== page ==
Apple and Qualcomm were locked in a legal battle ^(https://www.appmarsh.com/link/https://www.appmarsh.ca/news/apple-qualcomm-jury-selection-complete/) for nearly two years before finally reaching a settlement ^(https://www.appmarsh.com/link/https://www.appmarsh.ca/news/apple-qualcomm-settlement/) earlier this week, shortly after the trial began. During that period, Apple publicly argued that Qualcomm’s technology was worthless.
According to an internal Apple memo Qualcomm showed during the trial this week, however, Apple executives used words like “the best” to describe the chip maker’s engineering, while another memo described Qualcomm as having a “unique patent share” and “significant holdings,” The Washington Post ^(https://www.appmarsh.com/link/https://www.washingtonpost.com/technology/2019/04/19/apple-said-qualcomms-tech-was-no-good-private-communications-it-was-best/) is reporting.
Apple’s criticism of Qualcomm led to over 80 lawsuits around the world and influenced governments to change laws and regulations in the iPhone maker’s favour. Apple argued that Qualcomm’s patents were no more valuable than those of competitors like Ericsson and Huawei, but Qualcomm argued in court that the documents show otherwise.
The documents also raise questions about the methods Apple used to inflict pain on Qualcomm and whether Apple really believed its own arguments to lawmakers, regulators, judges, and juries when it tried to change not just its long-standing business agreement with Qualcomm but the very laws and practices that have allowed inventors to profit from their work and investments.
“While it’s very common for companies who are engaged in legal disputes to play hardball, the disclosure of these documents is very unsettling,” said Adam Mossoff, a law professor at George Mason University.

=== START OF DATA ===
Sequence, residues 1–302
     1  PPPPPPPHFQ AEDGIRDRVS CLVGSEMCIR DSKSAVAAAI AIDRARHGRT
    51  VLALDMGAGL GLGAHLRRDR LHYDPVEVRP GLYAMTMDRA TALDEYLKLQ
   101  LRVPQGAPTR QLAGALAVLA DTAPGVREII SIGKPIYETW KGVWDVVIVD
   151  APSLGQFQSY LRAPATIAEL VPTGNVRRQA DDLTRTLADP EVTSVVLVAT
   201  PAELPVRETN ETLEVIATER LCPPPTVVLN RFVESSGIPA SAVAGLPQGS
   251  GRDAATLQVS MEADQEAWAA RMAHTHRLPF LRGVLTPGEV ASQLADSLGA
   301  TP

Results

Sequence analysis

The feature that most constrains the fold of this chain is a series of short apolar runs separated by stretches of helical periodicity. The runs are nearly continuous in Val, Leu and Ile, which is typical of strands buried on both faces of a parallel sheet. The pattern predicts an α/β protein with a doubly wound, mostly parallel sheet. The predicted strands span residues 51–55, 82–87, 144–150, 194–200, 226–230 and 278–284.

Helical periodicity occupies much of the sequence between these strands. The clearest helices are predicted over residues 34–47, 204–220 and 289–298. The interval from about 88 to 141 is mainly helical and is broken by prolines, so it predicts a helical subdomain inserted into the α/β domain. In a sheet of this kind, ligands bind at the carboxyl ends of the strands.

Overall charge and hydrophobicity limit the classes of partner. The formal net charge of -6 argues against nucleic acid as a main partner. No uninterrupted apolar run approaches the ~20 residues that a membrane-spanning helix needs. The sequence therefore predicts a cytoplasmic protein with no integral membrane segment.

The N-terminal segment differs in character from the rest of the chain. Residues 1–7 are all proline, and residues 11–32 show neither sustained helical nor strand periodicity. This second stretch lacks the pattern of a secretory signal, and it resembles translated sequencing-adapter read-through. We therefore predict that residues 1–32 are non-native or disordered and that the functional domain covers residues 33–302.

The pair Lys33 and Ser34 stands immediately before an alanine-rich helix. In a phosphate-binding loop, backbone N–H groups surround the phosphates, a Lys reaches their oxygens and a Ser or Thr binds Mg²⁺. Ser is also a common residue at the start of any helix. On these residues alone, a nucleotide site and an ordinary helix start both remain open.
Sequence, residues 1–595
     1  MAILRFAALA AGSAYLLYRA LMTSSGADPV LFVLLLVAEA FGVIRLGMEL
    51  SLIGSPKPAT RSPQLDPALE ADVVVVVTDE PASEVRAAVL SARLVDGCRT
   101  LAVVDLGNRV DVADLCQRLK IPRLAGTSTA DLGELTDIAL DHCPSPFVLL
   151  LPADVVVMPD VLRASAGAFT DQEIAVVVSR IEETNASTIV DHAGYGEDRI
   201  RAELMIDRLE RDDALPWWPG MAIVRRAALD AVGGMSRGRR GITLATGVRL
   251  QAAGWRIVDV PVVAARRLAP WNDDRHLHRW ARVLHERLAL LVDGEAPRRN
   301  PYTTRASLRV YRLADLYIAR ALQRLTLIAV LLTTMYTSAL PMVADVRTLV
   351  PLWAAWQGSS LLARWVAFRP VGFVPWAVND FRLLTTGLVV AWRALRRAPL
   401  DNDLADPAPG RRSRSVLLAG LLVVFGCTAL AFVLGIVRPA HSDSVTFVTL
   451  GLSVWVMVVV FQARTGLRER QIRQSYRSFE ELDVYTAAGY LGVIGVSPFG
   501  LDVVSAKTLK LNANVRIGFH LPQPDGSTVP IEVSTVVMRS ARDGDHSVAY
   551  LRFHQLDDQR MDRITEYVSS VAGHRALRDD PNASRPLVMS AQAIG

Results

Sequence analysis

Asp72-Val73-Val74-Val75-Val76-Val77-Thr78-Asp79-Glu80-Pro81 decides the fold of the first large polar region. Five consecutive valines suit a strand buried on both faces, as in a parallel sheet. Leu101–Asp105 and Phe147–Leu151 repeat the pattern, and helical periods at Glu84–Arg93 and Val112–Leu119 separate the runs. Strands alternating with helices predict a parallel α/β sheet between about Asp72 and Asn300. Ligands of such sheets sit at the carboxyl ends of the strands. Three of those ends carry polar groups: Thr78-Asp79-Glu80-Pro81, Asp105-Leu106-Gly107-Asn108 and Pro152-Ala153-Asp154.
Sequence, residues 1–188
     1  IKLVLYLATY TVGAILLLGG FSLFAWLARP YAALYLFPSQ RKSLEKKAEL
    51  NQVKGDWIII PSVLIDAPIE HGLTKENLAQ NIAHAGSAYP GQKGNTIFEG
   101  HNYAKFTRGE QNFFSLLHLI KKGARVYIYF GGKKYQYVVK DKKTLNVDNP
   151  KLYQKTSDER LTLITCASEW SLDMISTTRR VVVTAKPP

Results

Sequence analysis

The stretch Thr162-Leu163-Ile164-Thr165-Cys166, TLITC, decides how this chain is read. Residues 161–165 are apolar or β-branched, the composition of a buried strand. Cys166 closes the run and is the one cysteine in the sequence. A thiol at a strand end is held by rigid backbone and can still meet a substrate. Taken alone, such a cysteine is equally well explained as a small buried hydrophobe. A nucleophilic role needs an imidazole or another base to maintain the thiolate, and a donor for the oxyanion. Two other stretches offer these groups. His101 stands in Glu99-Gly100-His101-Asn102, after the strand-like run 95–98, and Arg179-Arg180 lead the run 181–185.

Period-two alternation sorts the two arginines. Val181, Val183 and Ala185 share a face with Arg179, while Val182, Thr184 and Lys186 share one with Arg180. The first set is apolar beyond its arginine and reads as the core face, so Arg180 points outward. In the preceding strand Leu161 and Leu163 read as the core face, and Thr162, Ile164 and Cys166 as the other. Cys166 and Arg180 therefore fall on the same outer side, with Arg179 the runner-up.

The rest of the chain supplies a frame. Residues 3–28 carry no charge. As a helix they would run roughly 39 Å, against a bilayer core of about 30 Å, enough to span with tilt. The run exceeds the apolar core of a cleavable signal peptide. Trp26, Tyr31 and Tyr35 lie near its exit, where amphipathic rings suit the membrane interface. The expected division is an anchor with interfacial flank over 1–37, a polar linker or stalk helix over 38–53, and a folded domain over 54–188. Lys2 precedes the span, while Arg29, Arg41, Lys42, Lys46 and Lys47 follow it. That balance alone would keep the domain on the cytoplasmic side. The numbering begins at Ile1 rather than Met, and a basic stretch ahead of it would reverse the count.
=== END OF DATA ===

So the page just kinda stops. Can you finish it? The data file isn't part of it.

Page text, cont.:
The settlement the two companies reached this week includes a six-year licensing agreement and a multiyear supply agreement. Apple will also make an estimated payment of $6 billion to Qualcomm ^(https://www.appmarsh.com/link/https://www.appmarsh.ca/news/apple-paid-6-billion-to-qualcomm-says-ubs/).
A recent ruling in a B.C. courtroom has set a new precedent for how distracted driving laws will be enforced across the province.
According to a new report ^(https://www.appmarsh.com/link/https://www.cbc.ca/news/canada/british-columbia/explainer-distracted-driving-ruling-1.5066810) from CBC News, a recent ruling by a B.C. Supreme Court judge overturning a conviction for one local driver could be a game changer, after arguing having a phone in plain sight doesn’t count as distracted driving.
“This case is important because there was a real lack of clarity in the law and inconsistency in judgments from traffic court,” said Vancouver-based criminal lawyer Kyla Lee, who represented in the case.
“Some justices were saying that you had to have it affixed to the vehicle, some were saying loose in the vehicle is totally fine. Police officers were inconsistently enforcing [distracted driving rules].”
According to Lee, police no longer have the ability to ticket drivers who have their mobile phones visible in the vehicle but not touching them. In other words, it’s now okay for drivers to place their cellphones in say, a cup holder or on the passenger seat, while driving.
A spokesperson for the B.C. RCMP’s traffic services said that distracted driving tickets will now only be written for drivers who are “using” their cell phone — simply having it in the car no longer warrants a ticket.
A distracted driving ticket currently costs $368 CAD for a first infraction, plus a one-time $210 CAD insurance premium and four penalty points on the driving record.
Distracted driving remains a problem throughout B.C. and throughout Canada. Recently, one B.C. driver was slapped with $1,800 in distracted driving fines ^(https://www.appmarsh.com/link/https://www.appmarsh.ca/news/bc-driver-gets-2-tickets-in-6-mins/) in just six minutes.